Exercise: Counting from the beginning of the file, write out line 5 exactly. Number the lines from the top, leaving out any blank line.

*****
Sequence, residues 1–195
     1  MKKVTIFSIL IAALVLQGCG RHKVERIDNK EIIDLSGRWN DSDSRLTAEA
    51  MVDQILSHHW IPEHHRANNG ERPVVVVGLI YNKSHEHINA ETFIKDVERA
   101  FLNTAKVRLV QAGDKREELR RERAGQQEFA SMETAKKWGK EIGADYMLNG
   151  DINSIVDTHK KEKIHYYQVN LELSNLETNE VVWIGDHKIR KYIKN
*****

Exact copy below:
   151  DINSIVDTHK KEKIHYYQVN LELSNLETNE VVWIGDHKIR KYIKN